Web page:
Grudging mutual admiration did not temper either side's determination, however. The second half would be nuclear war. With, of course, no rules. Mr. Greenjeans strained against his glass walls for a better look.
        The Generals had learned to avoid Sara like she smelled bad — real bad. But this gave Alex the time he needed to set up for his regularly scheduled beating. Blood was seeping from both nostrils, his ears rang constantly, and it usually looked to him like there were at least ten people on the other team. But he kept pushing back, and the Cubans took advantage of the traffic jams he created.
        Jack and Bo took up the slack by crashing the boards with a vengeance. They were getting twice as many shots as the Cubans, who had to pick their chances carefully and just not take a bad look. They didn't. Sara kept the Generals honest by dropping a few from downtown when Alex could get Lee moving backwards. 'No rules' could work both ways, and it was beginning to piss Lee off. Ike and Mack juked and jived with furious abandon, simply running over the Cubans who held their ground, several times losing the ball in the resulting melee.
        But neither side could pull away, trading basket for basket at a breathtaking pace. As the game crawled under thirty seconds, Sara drained a shot that kissed the rafters to come to within two, then Fidel climbed all over Bo's back to steal a board, firing the outlet to a streaking  Ricky, who finished up a two-on-one fast break to tie the game for about the twentieth time.
        The Generals set up to take the final shot. They were determined not to lose this game, no matter what it took. The money didn't matter. It was for far higher stakes than that. It wasn't even for pride or honor or anything easily named. The legend that best describes what they were feeling was John Henry's, that steel-drivin' man who would not go down before a force he could not understand or master, swinging a hammer in each hand in a futile effort to beat the unbeatable, an alien technology that threatened the only way of life he knew. They could sense a force at work beyond their ken, and they would not — by God, they just would not — bow to it.
        As Ike brought the ball across the line, Lee unloaded on Alex with every ounce of pent-up frustration he could muster, sending him sprawling to the floor near mid-court. In short order, the Cubans had been leveled as well. It wasn't pretty, but there were no rules. Lee came to the top of the key, spinning to the left as he snared a pass from Mack. Only Sara stood between him and the basket as time leaked inexorably away. He had no intention of challenging her magical quickness by putting the ball on the floor, though. With the eight long arms of his teammates surrounding the basket unopposed, he lobbed a towering Sky Hook, the unstoppable trademark of Kareem Abdul-Jabbar. It was his shot, the one he'd been waiting his whole life to take, that he'd dreamed about making at the end of some monumental contest. With less than ten seconds left, all he had to be was close. The ball left his hand unerringly, destined to settle softly into the bottom of the net.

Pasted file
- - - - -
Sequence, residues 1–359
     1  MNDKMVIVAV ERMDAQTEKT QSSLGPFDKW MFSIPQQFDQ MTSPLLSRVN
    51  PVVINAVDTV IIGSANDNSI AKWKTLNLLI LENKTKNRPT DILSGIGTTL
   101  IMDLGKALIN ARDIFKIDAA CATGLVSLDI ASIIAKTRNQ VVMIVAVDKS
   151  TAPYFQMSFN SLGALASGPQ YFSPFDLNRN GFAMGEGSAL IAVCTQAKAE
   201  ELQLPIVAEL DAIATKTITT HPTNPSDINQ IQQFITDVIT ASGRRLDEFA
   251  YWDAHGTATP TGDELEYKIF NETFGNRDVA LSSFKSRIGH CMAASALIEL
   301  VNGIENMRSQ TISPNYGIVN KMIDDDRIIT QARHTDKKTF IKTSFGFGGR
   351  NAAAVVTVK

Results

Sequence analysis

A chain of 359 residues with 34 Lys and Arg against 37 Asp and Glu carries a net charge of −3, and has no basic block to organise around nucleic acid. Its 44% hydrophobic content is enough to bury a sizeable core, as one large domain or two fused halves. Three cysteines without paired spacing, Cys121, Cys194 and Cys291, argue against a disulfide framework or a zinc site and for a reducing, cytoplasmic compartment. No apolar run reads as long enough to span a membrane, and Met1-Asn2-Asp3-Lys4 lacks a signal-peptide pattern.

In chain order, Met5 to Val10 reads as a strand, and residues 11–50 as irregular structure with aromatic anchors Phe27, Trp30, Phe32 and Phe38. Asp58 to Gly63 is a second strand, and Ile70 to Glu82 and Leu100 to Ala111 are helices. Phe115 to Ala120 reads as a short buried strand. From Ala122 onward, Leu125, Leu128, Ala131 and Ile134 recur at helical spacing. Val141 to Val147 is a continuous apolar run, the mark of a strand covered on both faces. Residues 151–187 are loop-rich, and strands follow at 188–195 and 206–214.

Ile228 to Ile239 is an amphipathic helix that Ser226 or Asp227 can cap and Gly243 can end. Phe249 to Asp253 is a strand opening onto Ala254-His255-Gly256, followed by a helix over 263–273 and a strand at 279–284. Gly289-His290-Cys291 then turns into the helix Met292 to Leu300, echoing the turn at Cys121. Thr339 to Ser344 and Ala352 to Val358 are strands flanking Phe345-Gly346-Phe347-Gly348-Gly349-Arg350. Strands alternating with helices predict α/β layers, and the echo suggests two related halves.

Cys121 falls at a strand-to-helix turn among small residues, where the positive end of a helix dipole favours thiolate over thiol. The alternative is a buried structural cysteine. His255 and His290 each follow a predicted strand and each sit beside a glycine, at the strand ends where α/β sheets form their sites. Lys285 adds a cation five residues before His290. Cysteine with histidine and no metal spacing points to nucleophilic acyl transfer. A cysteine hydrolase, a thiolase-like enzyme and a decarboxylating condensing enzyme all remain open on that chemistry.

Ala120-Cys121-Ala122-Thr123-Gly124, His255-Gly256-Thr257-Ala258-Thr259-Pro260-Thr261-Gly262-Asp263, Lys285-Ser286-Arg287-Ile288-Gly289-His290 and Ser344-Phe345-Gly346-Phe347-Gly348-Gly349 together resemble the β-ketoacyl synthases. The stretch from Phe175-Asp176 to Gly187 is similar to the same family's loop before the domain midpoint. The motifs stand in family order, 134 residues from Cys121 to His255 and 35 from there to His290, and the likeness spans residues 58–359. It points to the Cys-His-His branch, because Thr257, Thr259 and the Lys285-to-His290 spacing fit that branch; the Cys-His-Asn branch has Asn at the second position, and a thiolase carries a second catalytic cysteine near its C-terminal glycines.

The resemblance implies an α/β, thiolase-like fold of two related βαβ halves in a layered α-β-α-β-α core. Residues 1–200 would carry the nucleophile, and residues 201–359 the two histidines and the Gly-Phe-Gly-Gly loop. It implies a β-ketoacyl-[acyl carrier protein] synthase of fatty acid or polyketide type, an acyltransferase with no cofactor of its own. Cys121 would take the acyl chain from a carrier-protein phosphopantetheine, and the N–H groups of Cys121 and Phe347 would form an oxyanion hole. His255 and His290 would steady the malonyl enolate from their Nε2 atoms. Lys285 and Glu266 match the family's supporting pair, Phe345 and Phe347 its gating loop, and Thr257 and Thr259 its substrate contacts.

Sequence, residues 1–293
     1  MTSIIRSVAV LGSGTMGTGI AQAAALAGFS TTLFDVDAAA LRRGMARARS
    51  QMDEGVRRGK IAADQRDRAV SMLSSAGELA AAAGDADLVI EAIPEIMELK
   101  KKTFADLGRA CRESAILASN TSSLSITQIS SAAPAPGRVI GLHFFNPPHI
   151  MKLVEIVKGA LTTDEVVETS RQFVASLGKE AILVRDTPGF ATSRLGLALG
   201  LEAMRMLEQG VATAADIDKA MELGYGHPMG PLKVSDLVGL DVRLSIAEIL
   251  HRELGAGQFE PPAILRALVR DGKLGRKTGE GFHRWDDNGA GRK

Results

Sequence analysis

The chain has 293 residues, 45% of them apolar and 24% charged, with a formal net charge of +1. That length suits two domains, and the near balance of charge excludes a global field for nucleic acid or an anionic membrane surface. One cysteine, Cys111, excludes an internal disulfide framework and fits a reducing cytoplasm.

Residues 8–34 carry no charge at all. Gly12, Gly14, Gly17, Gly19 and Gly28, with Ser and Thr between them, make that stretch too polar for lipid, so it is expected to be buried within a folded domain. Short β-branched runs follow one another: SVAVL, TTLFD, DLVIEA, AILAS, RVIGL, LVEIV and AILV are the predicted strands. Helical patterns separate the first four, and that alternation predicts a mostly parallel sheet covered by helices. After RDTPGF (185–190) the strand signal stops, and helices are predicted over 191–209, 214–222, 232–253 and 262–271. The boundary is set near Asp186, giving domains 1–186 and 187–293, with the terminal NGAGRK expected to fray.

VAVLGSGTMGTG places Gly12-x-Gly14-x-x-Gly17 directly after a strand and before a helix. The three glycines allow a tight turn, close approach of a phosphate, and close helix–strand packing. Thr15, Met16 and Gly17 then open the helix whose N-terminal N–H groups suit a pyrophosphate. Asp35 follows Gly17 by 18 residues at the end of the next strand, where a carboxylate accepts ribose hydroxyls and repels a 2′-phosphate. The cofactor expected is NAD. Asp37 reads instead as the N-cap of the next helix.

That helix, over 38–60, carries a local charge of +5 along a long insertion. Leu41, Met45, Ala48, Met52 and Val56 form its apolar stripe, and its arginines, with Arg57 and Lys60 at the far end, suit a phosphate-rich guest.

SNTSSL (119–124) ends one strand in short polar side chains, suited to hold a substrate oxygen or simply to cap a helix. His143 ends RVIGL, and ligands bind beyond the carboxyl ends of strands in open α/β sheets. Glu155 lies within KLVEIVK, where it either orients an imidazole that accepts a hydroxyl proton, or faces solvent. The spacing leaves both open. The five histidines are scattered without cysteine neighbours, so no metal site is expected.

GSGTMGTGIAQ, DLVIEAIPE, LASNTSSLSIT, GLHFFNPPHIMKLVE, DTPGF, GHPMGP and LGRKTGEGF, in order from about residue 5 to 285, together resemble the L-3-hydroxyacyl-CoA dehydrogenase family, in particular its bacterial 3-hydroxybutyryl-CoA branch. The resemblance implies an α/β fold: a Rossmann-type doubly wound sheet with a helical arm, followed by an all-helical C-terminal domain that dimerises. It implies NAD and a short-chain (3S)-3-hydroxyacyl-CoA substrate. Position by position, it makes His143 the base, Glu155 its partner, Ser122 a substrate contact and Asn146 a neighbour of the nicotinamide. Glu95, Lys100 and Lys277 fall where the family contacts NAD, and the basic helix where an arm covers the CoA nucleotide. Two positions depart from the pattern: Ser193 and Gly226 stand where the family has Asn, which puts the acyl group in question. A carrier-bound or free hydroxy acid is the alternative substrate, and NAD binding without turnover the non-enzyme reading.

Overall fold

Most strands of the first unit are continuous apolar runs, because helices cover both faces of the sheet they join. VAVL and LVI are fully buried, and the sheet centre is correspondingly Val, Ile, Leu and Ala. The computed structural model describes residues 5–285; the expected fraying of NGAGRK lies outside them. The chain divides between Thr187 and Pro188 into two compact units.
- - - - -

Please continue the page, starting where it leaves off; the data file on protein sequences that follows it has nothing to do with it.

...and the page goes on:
Except that, more than twelve feet above the well-worn hardwood, there was a small hand at the end of an outstretched arm, off which the spinning ball ricocheted in a block that broke their hearts. Sara's graceful form seemed to hang forever at the top of her soaring leap, her pointing toes at eye level.
        She eventually touched down lightly as the normal flow of time resumed with seven seconds left, then streaked past the shattered and disbelieving Lee toward the other end of the court. Alex was ahead of her, catching up to the bouncing ball and lumbering unsteadily for the basket like a crumbling, battered locomotive with its wheels coming off. He could barely see through swollen eyelids, the ringing in his head threatened to engulf him, and his wobbly legs had no spring left — but he was all alone as he went in for the coup de grace.
        He blew the lay-up with two seconds to spare, clanging the ball high into the air off the back of the rim.
        Trailing the play, Sara took off from the free-throw line, grabbed the brick with both hands and slammed a monstrous Gorilla Superjam through the hoop at nearly Mach speed, beating the clock by a microsecond. The ball made a sound like cannon fire as it flattened completely on the floor below where the now-unrecognizable hoop used to be. The shattering backboard nearly drowned out the buzzer, along with the screeching sounds of the collapsing metal supports being torn from the steel I-beam rafters and clattering to the deck, narrowly missing Alex as he crashed insensately into the wall below the scoreboard. Some of the small, high windows on the north wall shattered from the concussion. Ceiling insulation and lights rained down. Mr. Greenjeans ducked into his shell.
        In the stunned aftermath, Sara turned slowly around to face the stupefied crowd, her fingers pressed to her cheeks. "Oops," she said in a small voice.
        " — "
        The Cubans reached out wordlessly to their counterparts, who embraced them like brother warriors. Then they quietly gathered up their stuff and faded away. Alex crawled painfully from behind the wreckage and limped slowly to the exit, Sara supporting him. No one said anything intelligible as they went by (though some tried), all eyes glued wonderingly on Sara. As they passed the cage, the red-haired black woman thrust the cash and Alex's driver's license at him. She would think about the incident report tomorrow. Maybe. After a few drinks.
        As they were about to go out the door, Bo suddenly sprinted after them, the rest of the crowd moving up close behind him into the lobby.
        "I gotta know," he said, "Sara. She ain't no Russian, is she?" His tone was quiet now, and respectful, so that the others had to strain to hear.
        "No, my friend," said Alex, "She's not."
        "She ain't from Kansas, neither."
        "Not of this Earth, I'm afraid."
        Bo nodded. "She ever wear a cape?"
        Alex smiled, "Occasionally."
        "So you had to know. What it would be like," he struggled, "To be a part of somethin'… Somethin' special…"
        "I'm sorry about the subterfuge…"
        "Tha's alright. Even if I wuz t' make the bigs, this' be the baddest game I will ever play." Looking almost shyly at Sara, he said, simply, "Thanks."
        She reached out to him and gave him a big, girlish hug.
        And then, they were gone.

Chapter Eleven: Chicago

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© Patrick Hill, 2000